[0053] FIG. 5 shows a signal path diagram 500 for the HF and LF measurement chains of FIG. 1 in accordance with an embodiment of the present claimed invention. Low frequency measure inputs LFM+ 505 and LFM− 506 are coupled to a LF measure and range selection block 507, which is in turn coupled to a differential filter bank 508. The filter bank 508 is coupled to a LF measure ADC driver 509. The driver 509 is coupled to a 24 bit ADC 510 and an 18 bit ADC 511.

[0054] HF measure inputs HFM+ 520 and HFM− 521 are coupled to a HF measure and range selection block 522, which is in turn coupled to a differential filter selection 523. The filter bank 523 is coupled to a HF measure Attenuation/Gain stage and ADC driver block 524. The outputs of driver block 524 are coupled to a 14 bit ADC 527 by AC bypass relays 525 and 526.

[0055] FIG. 6 shows a schematic diagram 600 for the low frequency measurement chain of FIG. 5 in accordance with an embodiment of the present invention. Relays 608 and 609 couple differential inputs LFM+ 605 and LFM− 606, and common mode inputs 607 to a first pair of operational amplifiers 610a and 610b. The output of the first stage pair 610a and 610b is coupled to a second stage pair of operational amplifiers 610c and 610d. A CMRR input 611 and DC offset 612 are also coupled to the input of the second stage.

[0056] The input stage (610a and 610b) may be configured as either a voltage or transconductance amplifier. The first stage input terminals are coupled to the LFM (605, 606) and common mode inputs 607 in the transconductance configuration. In the voltage configuration, the inputs are coupled to the LFM (605, 606) inputs and a range specific resistor from resistor block 621. Feedback for the first stage (610a, 610b) is provided by a switched resistor block 620.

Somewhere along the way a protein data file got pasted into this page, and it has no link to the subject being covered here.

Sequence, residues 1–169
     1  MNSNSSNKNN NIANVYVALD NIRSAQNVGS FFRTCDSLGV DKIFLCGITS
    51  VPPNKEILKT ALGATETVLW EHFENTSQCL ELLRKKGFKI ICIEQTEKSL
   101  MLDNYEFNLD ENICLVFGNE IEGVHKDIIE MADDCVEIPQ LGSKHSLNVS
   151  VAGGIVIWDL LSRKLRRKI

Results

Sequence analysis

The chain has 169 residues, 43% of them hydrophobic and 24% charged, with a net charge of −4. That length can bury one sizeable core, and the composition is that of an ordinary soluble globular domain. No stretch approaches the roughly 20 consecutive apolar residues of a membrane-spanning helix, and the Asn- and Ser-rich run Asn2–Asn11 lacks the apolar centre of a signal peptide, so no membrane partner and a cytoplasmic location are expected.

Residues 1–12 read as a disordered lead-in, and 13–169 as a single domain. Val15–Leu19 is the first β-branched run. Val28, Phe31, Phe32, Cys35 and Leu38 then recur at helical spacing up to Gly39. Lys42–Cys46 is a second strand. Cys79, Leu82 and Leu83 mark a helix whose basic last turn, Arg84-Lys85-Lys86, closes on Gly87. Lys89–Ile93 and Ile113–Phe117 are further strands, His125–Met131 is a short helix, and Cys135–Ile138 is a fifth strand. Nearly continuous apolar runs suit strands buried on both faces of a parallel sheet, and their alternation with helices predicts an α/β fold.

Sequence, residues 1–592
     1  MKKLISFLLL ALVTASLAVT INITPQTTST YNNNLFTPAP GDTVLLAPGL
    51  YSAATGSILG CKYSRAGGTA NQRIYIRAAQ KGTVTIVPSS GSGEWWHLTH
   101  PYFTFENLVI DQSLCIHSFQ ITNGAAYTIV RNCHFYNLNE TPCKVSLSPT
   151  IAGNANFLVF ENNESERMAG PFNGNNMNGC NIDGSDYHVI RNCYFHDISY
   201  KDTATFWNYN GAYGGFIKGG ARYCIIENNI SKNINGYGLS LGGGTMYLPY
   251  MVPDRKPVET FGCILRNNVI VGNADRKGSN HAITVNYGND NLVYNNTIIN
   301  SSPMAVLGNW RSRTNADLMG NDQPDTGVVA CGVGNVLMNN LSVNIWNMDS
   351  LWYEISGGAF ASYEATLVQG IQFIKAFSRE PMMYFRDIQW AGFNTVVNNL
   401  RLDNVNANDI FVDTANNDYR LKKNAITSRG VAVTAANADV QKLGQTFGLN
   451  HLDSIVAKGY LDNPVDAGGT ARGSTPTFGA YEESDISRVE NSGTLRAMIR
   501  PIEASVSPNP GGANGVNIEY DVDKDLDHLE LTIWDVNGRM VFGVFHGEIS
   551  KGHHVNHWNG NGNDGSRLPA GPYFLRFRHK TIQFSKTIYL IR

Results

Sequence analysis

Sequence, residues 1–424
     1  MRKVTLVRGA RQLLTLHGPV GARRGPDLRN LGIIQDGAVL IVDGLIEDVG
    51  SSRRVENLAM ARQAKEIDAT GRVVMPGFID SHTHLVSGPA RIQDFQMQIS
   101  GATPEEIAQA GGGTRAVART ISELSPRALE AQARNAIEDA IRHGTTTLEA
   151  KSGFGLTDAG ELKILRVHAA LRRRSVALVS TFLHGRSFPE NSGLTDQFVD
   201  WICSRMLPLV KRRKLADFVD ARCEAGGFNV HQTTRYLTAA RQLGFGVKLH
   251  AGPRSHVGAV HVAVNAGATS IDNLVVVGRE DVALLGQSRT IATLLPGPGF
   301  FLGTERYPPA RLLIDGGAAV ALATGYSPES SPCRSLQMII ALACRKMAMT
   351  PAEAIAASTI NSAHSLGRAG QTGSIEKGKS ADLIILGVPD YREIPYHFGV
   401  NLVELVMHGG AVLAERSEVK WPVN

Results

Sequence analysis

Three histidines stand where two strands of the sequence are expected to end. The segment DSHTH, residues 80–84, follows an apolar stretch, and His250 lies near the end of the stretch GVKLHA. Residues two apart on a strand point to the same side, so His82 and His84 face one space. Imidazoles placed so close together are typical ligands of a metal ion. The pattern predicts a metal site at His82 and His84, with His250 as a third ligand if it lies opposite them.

[0057] The output of the second stage (610c, 610d) is coupled to a filter bank 614 by a relay matrix 613. The output of the filter bank 614 is coupled to a first ADC driver pair of operational amplifiers 610e and 610f, for driving a successive approximation register (SAR) ADC (e.g., ANALOG DEVICES AD7679). A second pair of operational amplifiers 610g and 610h is also coupled to the filter bank 614, and are used to drive a delta-sigma ADC (e.g., AKM AK5394A). A DC offset 619 is coupled to the input of the second pair of operational amplifiers 610g and 610h.